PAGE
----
Become a Vault
When your friend is going through a family issue, the single most important thing you can do for her is become her vault. This means being her confidante. It means not telling anyone else what is going on in her life.
It means not sharing her journey or personal story with anyone. Your job is to keep her secrets and not share her personal feelings and upsets with anyone else. Your other job is to remain calm.
What to Keep in Mind Before Offering Advice to Your Friend
Now that we have established the ground rules, there are just a few things to keep in mind prior to offering any type of advice or help to your friend. This is important advice, and it’s not the type of advice that can be ignored.
1. Your friend’s decisions are the only ones that matter. Essentially – your friend is the one who has to make the decision how to handle their family situation in the end, so your opinions about their decisions do not matter.
2. Your friend is the one who has to live with the consequences of their decision. Not you. Remember that.
3. You don’t know the entire story. No matter what your friend is telling you, how much they confide in you, and what they are saying to you, they’re still not telling you one hundred percent of what is going on in their life right now. It’s imperative you remember that.
4. You’ve made poor choices in the past. Don’t forget that when you’re helping your friend make a decision about their own family problems. You are not perfect, and you are not always right.
Now that you are keeping all of this in your mind, you are better equipped to offer advice to your friend should they ask for it.
How To Offer Useful and Practical Advice to a Friend Going Through Family Issues
A friend going through a family issue doesn’t need someone to give them a guide by guide to-do list of advice. Rather, they probably need someone to validate their feelings, to offer a different perspective, and to pose different solutions.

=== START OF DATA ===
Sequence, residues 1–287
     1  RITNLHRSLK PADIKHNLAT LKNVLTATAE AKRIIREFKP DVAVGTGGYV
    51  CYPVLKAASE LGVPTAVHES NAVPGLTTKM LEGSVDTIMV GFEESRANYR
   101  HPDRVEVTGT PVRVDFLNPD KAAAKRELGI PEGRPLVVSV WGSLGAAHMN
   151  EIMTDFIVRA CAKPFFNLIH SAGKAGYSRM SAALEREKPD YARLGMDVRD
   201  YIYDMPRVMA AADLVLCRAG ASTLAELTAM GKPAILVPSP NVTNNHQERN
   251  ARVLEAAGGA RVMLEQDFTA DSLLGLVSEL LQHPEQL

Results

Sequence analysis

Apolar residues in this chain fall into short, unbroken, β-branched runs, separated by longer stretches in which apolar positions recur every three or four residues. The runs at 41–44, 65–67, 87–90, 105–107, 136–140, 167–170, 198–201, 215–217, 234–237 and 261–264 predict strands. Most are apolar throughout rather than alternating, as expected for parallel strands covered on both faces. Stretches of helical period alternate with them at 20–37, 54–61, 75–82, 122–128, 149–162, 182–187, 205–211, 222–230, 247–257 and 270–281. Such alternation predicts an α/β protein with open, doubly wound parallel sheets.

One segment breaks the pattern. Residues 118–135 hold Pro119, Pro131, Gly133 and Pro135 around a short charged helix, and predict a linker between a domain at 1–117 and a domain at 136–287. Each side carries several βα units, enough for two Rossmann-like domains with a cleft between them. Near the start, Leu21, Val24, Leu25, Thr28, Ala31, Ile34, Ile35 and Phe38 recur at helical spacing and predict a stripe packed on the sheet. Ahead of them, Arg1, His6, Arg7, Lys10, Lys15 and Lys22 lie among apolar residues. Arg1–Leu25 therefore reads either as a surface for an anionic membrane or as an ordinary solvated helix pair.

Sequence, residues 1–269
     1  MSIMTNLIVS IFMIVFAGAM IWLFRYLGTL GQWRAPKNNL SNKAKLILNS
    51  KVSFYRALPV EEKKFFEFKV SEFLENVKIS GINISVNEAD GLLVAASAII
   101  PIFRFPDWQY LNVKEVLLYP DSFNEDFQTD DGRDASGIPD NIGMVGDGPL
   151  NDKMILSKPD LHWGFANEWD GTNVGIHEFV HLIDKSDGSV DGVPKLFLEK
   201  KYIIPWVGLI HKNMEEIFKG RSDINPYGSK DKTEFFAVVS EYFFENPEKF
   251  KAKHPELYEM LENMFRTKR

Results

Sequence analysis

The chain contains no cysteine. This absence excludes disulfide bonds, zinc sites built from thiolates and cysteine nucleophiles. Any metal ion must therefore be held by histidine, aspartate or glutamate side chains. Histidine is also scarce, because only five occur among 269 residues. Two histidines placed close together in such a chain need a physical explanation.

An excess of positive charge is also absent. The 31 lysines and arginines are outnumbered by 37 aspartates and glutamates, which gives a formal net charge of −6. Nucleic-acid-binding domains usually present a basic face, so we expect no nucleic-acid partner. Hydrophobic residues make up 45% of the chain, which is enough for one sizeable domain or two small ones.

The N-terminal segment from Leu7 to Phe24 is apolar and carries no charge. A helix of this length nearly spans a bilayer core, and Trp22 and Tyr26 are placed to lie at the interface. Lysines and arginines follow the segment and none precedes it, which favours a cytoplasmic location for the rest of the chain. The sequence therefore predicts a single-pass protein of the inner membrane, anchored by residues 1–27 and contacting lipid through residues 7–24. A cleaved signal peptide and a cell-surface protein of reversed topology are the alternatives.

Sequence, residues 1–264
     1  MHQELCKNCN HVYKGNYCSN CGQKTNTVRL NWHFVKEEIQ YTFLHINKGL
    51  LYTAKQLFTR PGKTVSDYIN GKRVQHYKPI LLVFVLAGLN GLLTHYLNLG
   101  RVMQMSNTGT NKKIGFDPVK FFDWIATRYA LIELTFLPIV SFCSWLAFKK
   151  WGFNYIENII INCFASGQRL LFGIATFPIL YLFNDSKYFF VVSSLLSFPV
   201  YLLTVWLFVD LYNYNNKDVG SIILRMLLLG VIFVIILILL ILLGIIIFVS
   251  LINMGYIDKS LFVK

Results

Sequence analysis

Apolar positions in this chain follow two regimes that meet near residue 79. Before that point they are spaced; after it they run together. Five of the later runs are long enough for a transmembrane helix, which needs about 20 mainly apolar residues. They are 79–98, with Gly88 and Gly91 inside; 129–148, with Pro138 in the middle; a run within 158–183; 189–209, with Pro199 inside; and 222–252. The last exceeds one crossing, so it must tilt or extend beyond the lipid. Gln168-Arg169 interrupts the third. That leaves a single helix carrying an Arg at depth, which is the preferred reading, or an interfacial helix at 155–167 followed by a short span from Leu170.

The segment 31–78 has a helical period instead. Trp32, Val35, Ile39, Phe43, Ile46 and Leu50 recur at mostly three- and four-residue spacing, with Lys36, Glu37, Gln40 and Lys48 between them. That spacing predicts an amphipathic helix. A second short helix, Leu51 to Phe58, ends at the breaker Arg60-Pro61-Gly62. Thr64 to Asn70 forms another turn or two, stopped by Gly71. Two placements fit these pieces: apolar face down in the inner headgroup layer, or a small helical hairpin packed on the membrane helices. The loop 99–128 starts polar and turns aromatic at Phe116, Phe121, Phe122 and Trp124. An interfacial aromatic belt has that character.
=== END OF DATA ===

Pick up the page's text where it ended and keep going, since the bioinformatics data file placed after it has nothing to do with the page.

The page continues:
It is entirely too easy to look at someone’s life from the outside and have all the answers, but the person on the inside might not know how to live their life in that manner.
For example, you might know exactly what you would do in your friend’s situation because you aren’t tied intimately to the problem. Your friend? It’s too personal for objectivity.
Your job now is to remind your friend that you don’t have all the answers, but that you do think you might be able to help. Remember – do not judge, do not use angry words, and do not talk down to your friend.
Now is the time to listen, be judgment free, and to listen with your heart. If your friend wants your advice, ask them if there is a different angle they could try to look at the problem from.
Validate Your Friend’s Feelings
The single most important thing you will do right now is make sure your friend knows her feelings are not incorrect or wrong in any way. She’s not wrong to have her feelings, so make sure she knows that.
Tell her in no uncertain terms that you get it, that she’s right to feel the way she feels, and that her feelings should not be discounted by anyone. Validate her feelings, and go from there.
Offer a Different Perspective
The trick to offering a new perspective is to ask your friend if they want advice, and then ask them if there is any way to look at the situation other than their own way. Ask them to put themselves in the shoes of the family member with whom they are having an issue.
It might not solve their problems, but it might open up your friend’s eye to a new perspective, or at least a deeper level of understanding that might allow them to see the issue from a different point of view.